Documents: Contemporary America
Congress finally adopted the War Powers Resolution of 1973 over President Richard Nixon’s veto as a response to executive interpretation of, and action under, the 1964 Gulf of Tonkin Resolution. Even though Congress had repealed the Gulf of Tonkin Resolution in 1971, some members felt that Congress needed to act to prevent future presidential action committing American armed forces abroad without congressional involvement. The War Powers Resolution provides that the President can only commit American forces abroad if Congress has declared war or has specifically authorized the President to do so or a national emergency exists because of an attack on the U. S., its territory, or its armed forces. Whenever possible, the law provides, the President shall consult with Congress before committing troops into hostilities. In the absence of a congressional declaration of war when American troops have been introduced abroad, the law states, the President within 48 hours must submit to the presiding officers of the Senate and the House a written report explaining the circumstances necessitating the commitment abroad and an estimate of the duration and scope of the involvement. Furthermore, the law provides, within 60 days after the President submits the written report, he must terminate the commitment abroad unless Congress has declared war or specifically authorized their continuation abroad or extended the 60-day period. However, the law states, the extension may only be for 30 days unless the President determines and certifies to Congress in writing that the safety of the armed forces requires their continued presence abroad.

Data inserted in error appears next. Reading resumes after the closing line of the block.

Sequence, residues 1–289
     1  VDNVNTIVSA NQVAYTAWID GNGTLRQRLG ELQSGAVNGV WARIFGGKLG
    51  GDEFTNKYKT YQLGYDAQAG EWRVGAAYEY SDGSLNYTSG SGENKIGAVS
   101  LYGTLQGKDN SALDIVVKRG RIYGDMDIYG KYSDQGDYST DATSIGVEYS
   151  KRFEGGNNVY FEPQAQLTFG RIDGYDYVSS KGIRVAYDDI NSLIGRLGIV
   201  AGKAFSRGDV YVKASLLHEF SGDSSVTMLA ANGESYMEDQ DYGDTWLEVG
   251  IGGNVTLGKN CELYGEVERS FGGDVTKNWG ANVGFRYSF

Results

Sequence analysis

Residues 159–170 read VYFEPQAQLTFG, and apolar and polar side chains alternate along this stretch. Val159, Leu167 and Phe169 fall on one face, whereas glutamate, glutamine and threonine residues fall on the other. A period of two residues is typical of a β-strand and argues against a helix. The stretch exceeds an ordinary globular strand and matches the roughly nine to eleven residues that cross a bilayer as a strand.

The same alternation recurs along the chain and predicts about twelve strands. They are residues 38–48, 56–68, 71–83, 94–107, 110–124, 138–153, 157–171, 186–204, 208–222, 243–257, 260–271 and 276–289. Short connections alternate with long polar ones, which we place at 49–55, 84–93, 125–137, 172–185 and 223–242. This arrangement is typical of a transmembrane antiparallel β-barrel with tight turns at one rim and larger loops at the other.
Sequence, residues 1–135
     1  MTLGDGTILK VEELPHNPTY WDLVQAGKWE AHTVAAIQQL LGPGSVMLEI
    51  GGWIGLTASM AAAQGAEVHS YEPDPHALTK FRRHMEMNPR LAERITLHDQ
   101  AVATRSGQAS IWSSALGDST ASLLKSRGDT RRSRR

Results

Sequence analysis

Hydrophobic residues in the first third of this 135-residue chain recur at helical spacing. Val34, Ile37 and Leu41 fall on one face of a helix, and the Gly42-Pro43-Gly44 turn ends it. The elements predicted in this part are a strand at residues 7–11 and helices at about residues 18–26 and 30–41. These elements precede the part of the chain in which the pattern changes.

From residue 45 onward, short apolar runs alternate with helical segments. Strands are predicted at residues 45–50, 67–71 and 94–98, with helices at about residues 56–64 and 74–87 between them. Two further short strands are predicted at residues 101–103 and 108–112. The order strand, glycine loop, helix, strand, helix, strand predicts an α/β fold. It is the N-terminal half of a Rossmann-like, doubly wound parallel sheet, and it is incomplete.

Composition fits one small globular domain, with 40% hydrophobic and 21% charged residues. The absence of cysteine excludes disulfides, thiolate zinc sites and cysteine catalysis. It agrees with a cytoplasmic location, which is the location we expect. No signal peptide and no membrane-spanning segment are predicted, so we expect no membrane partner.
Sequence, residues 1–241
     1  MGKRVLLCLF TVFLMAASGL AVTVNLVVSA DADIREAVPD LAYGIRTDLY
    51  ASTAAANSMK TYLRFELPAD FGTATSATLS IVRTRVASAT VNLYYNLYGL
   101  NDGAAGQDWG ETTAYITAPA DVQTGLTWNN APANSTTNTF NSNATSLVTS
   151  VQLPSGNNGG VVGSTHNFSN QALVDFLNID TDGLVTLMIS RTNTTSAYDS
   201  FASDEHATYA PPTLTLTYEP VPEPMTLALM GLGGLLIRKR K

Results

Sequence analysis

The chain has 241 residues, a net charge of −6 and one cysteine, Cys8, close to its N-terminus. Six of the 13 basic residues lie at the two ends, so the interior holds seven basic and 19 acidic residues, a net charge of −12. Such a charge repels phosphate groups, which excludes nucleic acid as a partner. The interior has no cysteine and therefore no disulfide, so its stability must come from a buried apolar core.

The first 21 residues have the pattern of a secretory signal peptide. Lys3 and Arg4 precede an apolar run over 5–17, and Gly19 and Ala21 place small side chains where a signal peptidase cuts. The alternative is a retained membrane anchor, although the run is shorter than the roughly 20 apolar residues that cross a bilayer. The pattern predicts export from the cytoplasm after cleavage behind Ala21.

The consensus has been that the War Powers Resolution has been largely ineffective in limiting presidential ability to commit troops abroad and has, in fact, authorized the President to commit troops abroad for 60 or 90 days.
He carried out his plan by threatening to veto any tax increase Congress passed. He successfully proposed tax cuts and reductions in funding for some domestic programs, while proposing increased spending on defense. Some historians credit Reagan’s policies for helping boost the U. S. economy by the mid-1980s. Critics, on the other hand, assert that Reagan’s tax plan unfairly benefited the wealthy and blamed “trickle-down economics” for producing large deficits that increased the national debt.
Reagan was re-elected to a second term in 1984 by one of the largest landslides in American political history.
Since the ADA was signed into law in 1990, its provisions, enforcement measures, and effectiveness have all come under scrutiny. Supporters have credited the ADA with improving the quality of life of millions of disabled citizens and opening new economic opportunities for disabled workers across the nation. In addition, historians have noted ‘the landmark civil rights law changed the way U. S. businesses and institutions understand the rights and abilities of disabled citizens.”